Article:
BSO Concert Hall


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Thierry Fischer

Stephen Hough

Piano Concerto No.5 'Emperor'

The Unanswered Question

Symphony No.1

Ives referred to The Unanswered Question as a "cosmic landscape” in which the strings portray “the silences of the Druids.” Over that quiet background the solo trumpet phrase asks “the perennial question of existence.” In response a quartet of winds Ives called the “fighting answers”, seeks a reply, becoming more agitated and frustrated, until the trumpet states the question one final time, only to be answered by silence. It was one of the first modern works in which the performers' parts are arranged independently of the other parts in both key and tempo with intriguingly juxtaposed musical textures that move at different rates. Writing a symphony for Brahms was not something he took for granted. It took him more than twenty years to approach the challenge and several more years to complete. It was no “laughing matter” to write a symphony after Beethoven. The symphony he finally did produce was described by Hans von Bülow as “Beethoven’s Tenth” while other critics pronounced it “the greatest first symphony in the history of music.”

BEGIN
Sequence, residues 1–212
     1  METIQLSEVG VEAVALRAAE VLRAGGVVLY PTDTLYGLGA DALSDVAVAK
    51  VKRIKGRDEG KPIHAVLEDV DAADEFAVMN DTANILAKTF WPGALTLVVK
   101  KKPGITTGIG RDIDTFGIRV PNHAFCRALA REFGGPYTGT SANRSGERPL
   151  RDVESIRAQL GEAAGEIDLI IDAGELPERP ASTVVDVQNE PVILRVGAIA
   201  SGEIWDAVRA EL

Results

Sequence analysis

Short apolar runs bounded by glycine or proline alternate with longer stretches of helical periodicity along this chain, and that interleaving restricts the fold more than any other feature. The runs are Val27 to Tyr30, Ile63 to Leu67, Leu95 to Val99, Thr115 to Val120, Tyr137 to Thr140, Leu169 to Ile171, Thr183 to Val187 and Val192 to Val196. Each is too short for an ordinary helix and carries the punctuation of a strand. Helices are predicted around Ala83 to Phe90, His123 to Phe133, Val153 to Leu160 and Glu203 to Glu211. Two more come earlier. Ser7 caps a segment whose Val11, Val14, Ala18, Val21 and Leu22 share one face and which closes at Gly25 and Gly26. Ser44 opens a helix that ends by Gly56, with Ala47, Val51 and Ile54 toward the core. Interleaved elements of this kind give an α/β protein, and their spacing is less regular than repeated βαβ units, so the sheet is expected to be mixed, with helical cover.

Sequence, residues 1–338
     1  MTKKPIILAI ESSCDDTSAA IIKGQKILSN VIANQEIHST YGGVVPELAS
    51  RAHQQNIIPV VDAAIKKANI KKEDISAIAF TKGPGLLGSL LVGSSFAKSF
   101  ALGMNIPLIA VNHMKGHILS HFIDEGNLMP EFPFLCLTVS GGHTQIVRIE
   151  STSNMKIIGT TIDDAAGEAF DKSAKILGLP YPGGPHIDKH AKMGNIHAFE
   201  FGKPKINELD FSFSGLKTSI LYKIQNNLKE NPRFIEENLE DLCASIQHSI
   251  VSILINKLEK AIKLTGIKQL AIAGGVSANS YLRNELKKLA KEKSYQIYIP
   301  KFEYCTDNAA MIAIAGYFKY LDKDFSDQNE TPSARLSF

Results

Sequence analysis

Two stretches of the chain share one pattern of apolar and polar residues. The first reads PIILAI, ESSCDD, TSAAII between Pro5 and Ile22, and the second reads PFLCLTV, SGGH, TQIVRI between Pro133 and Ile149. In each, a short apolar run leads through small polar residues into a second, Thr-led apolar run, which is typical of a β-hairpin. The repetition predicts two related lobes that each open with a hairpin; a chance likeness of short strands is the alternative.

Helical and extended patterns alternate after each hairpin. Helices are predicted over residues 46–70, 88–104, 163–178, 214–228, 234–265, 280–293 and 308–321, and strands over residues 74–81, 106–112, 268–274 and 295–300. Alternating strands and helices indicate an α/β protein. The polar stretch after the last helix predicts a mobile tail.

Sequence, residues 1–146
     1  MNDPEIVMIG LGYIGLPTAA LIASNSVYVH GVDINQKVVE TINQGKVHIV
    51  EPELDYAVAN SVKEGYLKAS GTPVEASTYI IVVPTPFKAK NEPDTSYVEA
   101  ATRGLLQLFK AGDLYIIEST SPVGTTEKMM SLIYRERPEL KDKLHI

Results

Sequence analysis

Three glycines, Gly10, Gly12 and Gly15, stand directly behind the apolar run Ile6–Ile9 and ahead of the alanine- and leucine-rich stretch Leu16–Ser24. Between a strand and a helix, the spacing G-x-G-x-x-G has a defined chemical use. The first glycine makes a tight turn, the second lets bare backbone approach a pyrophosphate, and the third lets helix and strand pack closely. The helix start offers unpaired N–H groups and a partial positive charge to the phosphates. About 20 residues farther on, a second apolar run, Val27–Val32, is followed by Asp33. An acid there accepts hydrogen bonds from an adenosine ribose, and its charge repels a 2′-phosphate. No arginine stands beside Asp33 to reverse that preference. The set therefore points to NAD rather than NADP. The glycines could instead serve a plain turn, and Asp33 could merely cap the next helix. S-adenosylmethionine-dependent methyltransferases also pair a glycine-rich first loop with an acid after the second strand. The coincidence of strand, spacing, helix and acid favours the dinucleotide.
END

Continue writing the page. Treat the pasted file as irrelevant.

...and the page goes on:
But Brahms was not just trying to recapture Beethoven. He incorporated ideas and innovations that changed the traditional aesthetics of the Classical/Romantic symphony. The dramatic intensity of the first movement gives way to the peace and serenity of the second, and the finale has been described as “one of the sublimest utterances human ears have heard” – its hymn-like theme commuted into a glorious and magnificent conclusion. Beethoven wrote his final Piano Concerto at the height of his compositional powers, but at a time of personal and political turmoil. It opens with such power and majesty as to remind you forcibly of the Eroica Symphony. A sort of spacious simplicity characterises the first movement, whilst the adagio offers a dramatic change of mood by way of its exquisite mystical serenity, only to be superseded by the most exuberant bravura rondo finale. However it might have acquired its name, it really is the ‘Emperor’ of piano concertos!

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